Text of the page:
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There are several ways to think about the differences between two files.
One way to think of the differences is as a series of lines that were
deleted from, inserted in, or changed in one file to produce the other
diff compares two files line by line, finds groups of
lines that differ, and reports each group of differing lines. It can
report the differing lines in several formats, which have different
diff can show whether files are different without detailing
the differences. It also provides ways to suppress certain kinds of
differences that are not important to you. Most commonly, such
differences are changes in the amount of white space between words or
diff also provides ways to suppress differences in
alphabetic case or in lines that match a regular expression that you
provide. These options can accumulate; for example, you can ignore
changes in both white space and alphabetic case.
Another way to think of the differences between two files is as a
sequence of pairs of characters that can be either identical or
cmp reports the differences between two files
character by character, instead of line by line. As a result, it is
more useful than
diff for comparing binary files. For text
cmp is useful mainly when you want to know only whether
two files are identical.
To illustrate the effect that considering changes character by character
can have compared with considering them line by line, think of what
happens if a single newline character is added to the beginning of a
file. If that file is then compared with an otherwise identical file
that lacks the newline at the beginning,
diff will report that a
blank line has been added to the file, while
cmp will report that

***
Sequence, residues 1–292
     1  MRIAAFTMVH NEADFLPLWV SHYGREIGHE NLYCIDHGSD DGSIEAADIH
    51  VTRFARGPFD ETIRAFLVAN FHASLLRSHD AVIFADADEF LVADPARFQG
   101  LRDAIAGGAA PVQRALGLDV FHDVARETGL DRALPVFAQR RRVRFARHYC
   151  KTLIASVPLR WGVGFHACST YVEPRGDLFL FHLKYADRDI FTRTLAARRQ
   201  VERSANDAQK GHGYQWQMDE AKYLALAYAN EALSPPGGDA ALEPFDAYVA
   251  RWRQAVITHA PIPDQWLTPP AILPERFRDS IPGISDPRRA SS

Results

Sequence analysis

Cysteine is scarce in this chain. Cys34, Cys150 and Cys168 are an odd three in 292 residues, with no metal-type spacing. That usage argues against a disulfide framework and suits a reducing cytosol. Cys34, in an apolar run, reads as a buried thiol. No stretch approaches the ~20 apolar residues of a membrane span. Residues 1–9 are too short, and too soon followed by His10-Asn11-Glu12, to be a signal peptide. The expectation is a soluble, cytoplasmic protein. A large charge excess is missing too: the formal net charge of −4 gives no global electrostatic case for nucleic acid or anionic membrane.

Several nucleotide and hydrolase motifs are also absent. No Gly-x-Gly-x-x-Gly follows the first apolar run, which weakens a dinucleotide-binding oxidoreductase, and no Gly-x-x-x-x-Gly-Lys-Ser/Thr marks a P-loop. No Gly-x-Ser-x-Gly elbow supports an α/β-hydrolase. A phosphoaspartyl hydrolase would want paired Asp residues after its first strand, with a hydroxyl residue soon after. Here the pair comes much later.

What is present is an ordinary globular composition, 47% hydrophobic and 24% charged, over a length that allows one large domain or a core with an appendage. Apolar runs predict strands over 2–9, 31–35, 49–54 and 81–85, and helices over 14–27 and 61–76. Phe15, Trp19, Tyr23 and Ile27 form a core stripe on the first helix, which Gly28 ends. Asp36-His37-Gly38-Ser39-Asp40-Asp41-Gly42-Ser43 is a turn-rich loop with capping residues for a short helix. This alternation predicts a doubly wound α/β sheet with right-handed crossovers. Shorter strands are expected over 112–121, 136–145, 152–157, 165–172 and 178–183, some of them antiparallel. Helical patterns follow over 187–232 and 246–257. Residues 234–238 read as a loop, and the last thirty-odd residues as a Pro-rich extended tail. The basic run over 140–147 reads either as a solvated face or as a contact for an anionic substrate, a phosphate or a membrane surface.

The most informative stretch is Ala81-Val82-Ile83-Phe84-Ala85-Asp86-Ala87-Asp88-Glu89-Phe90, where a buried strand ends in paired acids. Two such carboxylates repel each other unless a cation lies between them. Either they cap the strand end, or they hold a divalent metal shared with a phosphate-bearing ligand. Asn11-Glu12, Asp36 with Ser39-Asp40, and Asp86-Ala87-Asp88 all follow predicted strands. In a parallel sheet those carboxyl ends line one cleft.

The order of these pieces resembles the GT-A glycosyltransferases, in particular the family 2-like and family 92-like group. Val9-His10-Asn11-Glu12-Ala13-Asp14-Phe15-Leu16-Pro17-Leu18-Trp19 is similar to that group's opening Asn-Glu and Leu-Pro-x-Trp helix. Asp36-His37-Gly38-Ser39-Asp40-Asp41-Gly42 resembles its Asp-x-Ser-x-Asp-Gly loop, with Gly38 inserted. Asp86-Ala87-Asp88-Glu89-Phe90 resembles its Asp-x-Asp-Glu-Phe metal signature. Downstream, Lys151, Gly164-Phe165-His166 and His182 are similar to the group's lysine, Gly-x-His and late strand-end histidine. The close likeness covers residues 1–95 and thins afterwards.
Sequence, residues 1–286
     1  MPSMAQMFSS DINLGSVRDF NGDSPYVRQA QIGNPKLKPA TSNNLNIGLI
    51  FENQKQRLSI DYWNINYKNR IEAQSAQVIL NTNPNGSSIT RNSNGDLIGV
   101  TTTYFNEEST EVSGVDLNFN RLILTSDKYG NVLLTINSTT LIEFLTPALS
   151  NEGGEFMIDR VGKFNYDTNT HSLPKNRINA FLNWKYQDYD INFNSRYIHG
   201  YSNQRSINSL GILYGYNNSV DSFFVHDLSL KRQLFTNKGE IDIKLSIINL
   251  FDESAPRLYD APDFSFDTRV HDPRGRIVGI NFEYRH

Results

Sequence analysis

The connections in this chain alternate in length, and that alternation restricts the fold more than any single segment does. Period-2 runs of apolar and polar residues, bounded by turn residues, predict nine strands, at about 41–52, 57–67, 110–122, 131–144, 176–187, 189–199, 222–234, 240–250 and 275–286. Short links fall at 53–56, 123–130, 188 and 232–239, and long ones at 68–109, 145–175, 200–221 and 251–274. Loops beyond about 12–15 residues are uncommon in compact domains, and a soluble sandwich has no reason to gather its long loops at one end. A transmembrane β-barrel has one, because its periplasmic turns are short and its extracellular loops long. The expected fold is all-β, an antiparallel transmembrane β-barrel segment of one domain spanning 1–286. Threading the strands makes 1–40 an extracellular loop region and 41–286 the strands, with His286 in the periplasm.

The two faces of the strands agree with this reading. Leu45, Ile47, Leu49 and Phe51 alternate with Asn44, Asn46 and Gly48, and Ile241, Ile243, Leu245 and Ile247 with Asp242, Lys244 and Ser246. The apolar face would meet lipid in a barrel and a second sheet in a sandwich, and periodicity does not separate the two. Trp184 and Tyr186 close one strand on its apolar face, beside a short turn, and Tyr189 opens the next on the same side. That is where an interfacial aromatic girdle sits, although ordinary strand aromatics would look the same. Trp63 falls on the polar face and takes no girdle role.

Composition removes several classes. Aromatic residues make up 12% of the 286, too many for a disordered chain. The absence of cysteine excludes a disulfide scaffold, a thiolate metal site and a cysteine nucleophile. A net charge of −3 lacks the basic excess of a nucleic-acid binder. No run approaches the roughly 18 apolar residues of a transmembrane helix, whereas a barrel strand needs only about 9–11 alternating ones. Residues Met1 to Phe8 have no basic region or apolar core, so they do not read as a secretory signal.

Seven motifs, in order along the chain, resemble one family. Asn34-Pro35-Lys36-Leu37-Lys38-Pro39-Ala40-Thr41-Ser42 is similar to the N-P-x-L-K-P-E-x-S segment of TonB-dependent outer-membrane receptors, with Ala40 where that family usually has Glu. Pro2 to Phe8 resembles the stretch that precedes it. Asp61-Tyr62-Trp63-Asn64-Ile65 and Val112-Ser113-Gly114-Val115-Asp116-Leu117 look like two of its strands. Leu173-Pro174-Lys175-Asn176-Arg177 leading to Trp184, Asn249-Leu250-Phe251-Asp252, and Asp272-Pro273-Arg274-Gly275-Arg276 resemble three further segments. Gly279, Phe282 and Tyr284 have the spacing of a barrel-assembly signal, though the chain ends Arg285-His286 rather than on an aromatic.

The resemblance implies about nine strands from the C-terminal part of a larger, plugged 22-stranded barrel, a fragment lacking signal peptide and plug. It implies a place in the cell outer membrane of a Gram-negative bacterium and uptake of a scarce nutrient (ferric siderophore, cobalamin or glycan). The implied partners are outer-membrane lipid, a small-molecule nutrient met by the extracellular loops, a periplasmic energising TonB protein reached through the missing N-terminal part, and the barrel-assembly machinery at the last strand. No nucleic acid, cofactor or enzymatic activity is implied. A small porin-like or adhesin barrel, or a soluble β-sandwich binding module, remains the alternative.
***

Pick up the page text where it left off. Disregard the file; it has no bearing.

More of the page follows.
almost every character of the two files differs.
diff3 normally compares three input files line by line, finds
groups of lines that differ, and reports each group of differing lines.
Its output is designed to make it easy to inspect two different sets of
changes to the same file.
When comparing two files,
diff finds sequences of lines common to
both files, interspersed with groups of differing lines called
hunks. Comparing two identical files yields one sequence of
common lines and no hunks, because no lines differ. Comparing two
entirely different files yields no common lines and one large hunk that
contains all lines of both files. In general, there are many ways to
match up lines between two given files.
diff tries to minimize
the total hunk size by finding large sequences of common lines
interspersed with small hunks of differing lines.
For example, suppose the file `F' contains the three lines
`a', `b', `c', and the file `G' contains the same
three lines in reverse order `c', `b', `a'. If
diff finds the line `c' as common, then the command
`diff F G' produces this output:
1,2d0 < a < b 3a2,3 > b > a
diff notices the common line `b' instead, it produces
1c1 < a --- > c 3c3 < c --- > a
It is also possible to find `a' as the common line.
does not always find an optimal matching between the files; it takes
shortcuts to run faster. But its output is usually close to the
shortest possible. You can adjust this tradeoff with the
`--minimal' option (see section
diff Performance Tradeoffs).
The `-b' and `--ignore-space-change' options ignore white space